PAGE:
Thanks for the reply Farna, the rails on the jag are about 6 inches wider each side than the chevy but as i said earlier i guess my local rod shop can have the job. Interesting what you say about the jag clips being rare over in the U.S, it`s probably as hard for you to find them as it is for us to find Camaro clips etc but there is a certain irony that the left and right hand steering racks for the jag are completely interchangeable, I can actually buy a used left hand rack in California, ship it to England and have it rebuilt for less money then I can buy one here for, how`s that for a bit of good old fashioned English logic !!!!!
Thanks again for taking the trouble to reply
Just another thought, I am going to run a 460 ford and a 9" axle because they are robust etc etc,and thats the way to go over here, I have bought a couple of engines with transmissions for about £800 each I guess thats $500 ish, but I bet you can buy 454 Chevy engines for not much more whereas over here they would fetch 2 - 300 pounds,
Thanks, wishing I was born in the USA
It`s been so long since i`ve been here i had almost forgotten about it. In the end I didn`t fit the Jag front clip, several reasons, and please don`t think I`m teaching you to suck eggs, but, having bought the clip and realistically, replaced all the bushes, the springs, the s/absorbers and discs, oh and the calipers etc, it started becoming bloody expensive, there was also the problem of the left hand power rack ?, if you do go down this route, don`t try to get a rack from America (the ususal route), because there were thousands of LH drive Jags in Europe, check EBAY. the later XJS front subframes were powder coated and clean up really well, however check for rust under the powder coating, I found this out with the last XJS I owned.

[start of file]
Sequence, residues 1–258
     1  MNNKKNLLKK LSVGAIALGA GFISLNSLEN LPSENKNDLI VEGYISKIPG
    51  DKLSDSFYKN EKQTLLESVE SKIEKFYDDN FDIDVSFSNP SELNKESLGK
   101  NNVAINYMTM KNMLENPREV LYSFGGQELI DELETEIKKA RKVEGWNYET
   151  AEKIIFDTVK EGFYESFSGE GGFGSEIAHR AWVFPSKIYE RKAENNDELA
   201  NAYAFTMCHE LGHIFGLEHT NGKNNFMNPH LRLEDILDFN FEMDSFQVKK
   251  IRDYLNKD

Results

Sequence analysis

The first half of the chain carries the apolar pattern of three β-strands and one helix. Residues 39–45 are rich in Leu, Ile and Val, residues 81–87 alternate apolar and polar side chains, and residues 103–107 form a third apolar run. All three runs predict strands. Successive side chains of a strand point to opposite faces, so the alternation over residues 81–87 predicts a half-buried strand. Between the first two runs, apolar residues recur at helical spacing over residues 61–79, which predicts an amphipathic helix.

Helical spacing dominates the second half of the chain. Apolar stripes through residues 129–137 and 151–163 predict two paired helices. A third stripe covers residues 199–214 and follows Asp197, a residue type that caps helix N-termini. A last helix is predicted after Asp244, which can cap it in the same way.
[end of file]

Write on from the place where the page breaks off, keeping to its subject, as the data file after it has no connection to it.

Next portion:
I actually bought a new Mustang 2 front end from Chassis Engineering in Iowa including discs calipers and power rack etc, much cheaper than the other method, everything included in the kit that you could possibly want, and it`s a bolt in unit, no welding, a small bit of cutting was required but it fits beatifully.
Good to hear you have got your truck sorted , i have changed my truck to right hand drive , and i got a jag clip for £15 out of the scrapes with a good rhd power rack so i am well happy , just got to fit it to the truck now , and get the Lexus 4L v8 engine and auto box mounted on the jag cross member
Interesting choice of engine/trans, I`ve never seen that done in a chevy truck, have seen an Isuzu diesel fitted.
I firmly believe that Chevrolet made the best looking pick-up ever, however like you I`ve gone a bit different with the engine/trans, I`ve got a 460 big block Ford out of a Thunderbird, we have 5 series one pick-ups in our hot rod club, but we never mention my engine choice. My truck is also a very rare 3800 super long wheel base model, the bed sides measure 110 inches and I have to put up with all the jibes about needing two parking spaces when I get it on the road etc etc.